Meet the Flipsters

Conversations on the Bridge

A Conversation with Byron Katie
(The complete Flip interview, with only minor edits, not found in the book)

Byron Katie ( became severely depressed while in her thirties. Over a ten-year period her depression deepened, and Katie spent almost two years seldom able to leave her bed, obsessing over suicide. Then one morning, from the depths of despair, she experienced a life-changing realization that her illness was based upon her perception. This epiphany flipped her life.

TIME magazine has profiled Katie, calling her “a visionary for the new millennium.” In March 2002, Harmony Books published Katie’s first book, Loving What Is: Four Questions That Can Change Your Life, co-written with renowned author/translator Stephen Mitchell. Loving What Is has been translated into twenty languages. Her second book, I Need Your Love – Is That True?, was also a best-seller.

“I was depressed for more than a decade,” Katie confesses, “and if I look back on it, probably forty years. My self esteem was so low that I didn’t believe I even deserved a bed to sleep in. So I slept on the floor. One particular morning as I lay on the floor asleep, a cockroach crawled over my foot. I opened my eyes and in place of all that darkness, rage, and confusion I’d known was a joy that I can’t describe. What I suddenly understood was this: When I believe my thoughts I suffer, but when I question my thoughts I don’t suffer. I’ve come to see that this is true for every human being.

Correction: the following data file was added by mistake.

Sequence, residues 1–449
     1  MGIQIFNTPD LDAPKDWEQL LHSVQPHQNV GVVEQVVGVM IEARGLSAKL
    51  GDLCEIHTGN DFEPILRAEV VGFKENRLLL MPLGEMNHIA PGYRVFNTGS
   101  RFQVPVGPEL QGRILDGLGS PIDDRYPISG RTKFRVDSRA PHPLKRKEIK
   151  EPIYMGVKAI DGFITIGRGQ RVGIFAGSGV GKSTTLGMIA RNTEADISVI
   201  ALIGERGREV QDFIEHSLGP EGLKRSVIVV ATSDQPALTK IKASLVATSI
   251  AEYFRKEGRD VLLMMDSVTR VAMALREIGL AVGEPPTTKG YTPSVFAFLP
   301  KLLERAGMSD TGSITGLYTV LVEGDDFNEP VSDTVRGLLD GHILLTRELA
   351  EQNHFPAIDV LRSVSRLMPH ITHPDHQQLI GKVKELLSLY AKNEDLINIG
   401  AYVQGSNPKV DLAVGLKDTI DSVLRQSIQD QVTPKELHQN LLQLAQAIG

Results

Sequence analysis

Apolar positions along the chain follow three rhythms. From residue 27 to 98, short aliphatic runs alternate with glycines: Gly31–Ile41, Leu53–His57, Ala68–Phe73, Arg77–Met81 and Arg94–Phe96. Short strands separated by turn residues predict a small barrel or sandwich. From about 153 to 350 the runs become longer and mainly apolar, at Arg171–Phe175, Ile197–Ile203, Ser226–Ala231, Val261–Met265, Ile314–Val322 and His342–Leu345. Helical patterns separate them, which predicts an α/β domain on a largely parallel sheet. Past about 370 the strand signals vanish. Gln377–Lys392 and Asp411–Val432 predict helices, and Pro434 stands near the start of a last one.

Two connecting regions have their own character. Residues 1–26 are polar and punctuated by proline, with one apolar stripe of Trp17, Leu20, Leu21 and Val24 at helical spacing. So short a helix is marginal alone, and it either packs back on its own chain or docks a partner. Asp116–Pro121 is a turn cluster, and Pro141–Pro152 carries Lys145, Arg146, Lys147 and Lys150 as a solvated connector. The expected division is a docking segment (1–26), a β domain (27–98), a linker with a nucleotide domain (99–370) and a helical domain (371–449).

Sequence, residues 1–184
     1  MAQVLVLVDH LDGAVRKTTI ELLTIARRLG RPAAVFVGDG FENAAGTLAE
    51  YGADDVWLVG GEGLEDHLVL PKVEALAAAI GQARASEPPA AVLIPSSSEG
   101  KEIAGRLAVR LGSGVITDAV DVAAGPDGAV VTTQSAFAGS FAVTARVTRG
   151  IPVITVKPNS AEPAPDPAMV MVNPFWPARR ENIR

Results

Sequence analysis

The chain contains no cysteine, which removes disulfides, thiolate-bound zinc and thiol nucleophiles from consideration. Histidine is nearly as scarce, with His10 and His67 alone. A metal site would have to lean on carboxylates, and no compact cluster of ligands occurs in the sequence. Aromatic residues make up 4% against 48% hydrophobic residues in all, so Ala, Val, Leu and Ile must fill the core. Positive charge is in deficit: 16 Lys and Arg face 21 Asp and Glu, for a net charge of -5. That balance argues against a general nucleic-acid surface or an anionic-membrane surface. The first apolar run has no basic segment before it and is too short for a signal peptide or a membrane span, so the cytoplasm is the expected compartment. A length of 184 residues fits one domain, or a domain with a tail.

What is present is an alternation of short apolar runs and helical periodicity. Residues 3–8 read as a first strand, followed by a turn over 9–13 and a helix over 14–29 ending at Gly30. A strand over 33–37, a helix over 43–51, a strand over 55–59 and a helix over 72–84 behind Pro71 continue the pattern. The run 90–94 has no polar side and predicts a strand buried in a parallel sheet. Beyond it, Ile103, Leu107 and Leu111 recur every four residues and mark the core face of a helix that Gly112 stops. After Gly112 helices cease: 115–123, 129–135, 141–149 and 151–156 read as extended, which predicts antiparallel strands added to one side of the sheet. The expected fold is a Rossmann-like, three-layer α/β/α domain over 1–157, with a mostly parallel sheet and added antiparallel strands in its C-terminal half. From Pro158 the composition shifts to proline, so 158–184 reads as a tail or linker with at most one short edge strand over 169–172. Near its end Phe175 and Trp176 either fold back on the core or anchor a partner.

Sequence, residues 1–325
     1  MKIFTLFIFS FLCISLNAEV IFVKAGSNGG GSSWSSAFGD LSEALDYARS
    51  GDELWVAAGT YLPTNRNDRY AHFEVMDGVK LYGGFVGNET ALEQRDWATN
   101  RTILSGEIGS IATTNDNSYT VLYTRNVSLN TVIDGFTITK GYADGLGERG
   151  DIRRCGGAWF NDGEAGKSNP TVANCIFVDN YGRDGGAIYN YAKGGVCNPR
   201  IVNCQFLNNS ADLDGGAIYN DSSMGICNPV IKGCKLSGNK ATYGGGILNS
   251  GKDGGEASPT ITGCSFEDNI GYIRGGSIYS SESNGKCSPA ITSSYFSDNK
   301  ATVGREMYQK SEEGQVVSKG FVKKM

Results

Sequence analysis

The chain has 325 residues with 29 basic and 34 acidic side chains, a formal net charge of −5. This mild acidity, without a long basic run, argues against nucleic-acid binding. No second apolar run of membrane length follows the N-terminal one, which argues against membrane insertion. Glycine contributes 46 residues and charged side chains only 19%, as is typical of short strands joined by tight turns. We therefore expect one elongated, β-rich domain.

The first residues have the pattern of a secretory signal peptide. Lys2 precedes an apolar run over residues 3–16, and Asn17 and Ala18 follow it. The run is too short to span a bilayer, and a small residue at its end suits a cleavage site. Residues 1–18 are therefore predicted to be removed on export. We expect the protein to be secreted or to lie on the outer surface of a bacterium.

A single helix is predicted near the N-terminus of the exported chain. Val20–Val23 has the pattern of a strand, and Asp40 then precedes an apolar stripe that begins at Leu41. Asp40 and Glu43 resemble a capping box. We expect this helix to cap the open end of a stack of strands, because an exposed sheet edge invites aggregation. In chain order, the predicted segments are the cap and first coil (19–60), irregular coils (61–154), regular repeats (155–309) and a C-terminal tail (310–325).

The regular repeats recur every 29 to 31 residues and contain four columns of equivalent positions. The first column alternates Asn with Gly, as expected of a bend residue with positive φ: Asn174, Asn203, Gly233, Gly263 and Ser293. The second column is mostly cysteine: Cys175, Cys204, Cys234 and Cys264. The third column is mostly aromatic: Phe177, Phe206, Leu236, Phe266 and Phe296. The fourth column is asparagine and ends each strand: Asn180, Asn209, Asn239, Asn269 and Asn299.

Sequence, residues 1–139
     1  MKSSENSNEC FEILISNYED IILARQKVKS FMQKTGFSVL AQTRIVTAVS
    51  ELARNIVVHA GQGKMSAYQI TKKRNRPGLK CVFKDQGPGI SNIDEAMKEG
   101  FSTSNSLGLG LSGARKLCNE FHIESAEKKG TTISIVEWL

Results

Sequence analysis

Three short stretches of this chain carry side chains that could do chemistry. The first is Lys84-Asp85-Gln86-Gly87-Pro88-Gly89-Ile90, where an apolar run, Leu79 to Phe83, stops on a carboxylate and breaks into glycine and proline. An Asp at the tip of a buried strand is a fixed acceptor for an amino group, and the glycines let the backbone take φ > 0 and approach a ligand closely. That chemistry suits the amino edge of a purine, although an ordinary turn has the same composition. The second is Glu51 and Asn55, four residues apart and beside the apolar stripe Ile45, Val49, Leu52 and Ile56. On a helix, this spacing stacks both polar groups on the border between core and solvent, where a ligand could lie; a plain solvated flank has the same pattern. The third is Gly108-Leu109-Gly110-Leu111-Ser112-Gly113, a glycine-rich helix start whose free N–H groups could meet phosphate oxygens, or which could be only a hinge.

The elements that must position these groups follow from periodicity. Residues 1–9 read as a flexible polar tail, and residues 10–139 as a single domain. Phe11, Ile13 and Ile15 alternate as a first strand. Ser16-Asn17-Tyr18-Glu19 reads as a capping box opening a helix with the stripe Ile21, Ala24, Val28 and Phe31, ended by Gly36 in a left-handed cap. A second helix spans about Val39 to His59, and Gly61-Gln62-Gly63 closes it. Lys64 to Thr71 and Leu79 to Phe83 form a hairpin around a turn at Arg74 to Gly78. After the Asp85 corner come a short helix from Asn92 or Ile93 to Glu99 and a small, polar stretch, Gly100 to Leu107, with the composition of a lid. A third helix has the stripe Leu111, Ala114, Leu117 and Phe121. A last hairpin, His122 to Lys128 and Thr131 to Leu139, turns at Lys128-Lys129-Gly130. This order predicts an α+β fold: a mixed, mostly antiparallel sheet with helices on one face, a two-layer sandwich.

“In that moment I simply noticed the nature of my thoughts when I no longer believed them. That is a moment of truth – or a moment of clarity, as I call it. And I think we all have them. We all have these moments when we’re lucid. We begin to see that the whole world is created through our thoughts, and when we believe our thoughts we literally project them on our material world. Once we begin to question our stressful thoughts, we’re on the way to heaven – happiness, that is. Isn’t that what everything is for? We want health, balance, and happiness.”

Then why is there so much unhappiness in many people’s everyday experience? Katie suggests it has less do to with unhappy circumstances than habitual thought patterns. “Suffering is simply believing whatever we think. The mind is prone to think ‘life isn’t fair,’ and then not to question that assumption. It immediately begins to only see in tunnel vision, to only see and bring to mind all the proofs, pictures, thoughts, stories - all the evidence that supports the first assumption: Life is unfair. But by that point, you may not be seeing what’s real at all. I use the example of walking through the desert and you see a snake. You jump back, your heart is racing and you break out into a sweat before you look again and notice there is no snake, just an old rope. How could you have been so silly? Immediately, the fear subsides and the laughter starts. That’s an example of what questioning the mind does.

“For me, problems are no longer possible because I see through them. I invite people to understand that every snake is a rope, not just some of them. There’s no exception to that in my life, so I’m open to whatever happens next. For all I know all hell could break lose. I look forward to it.”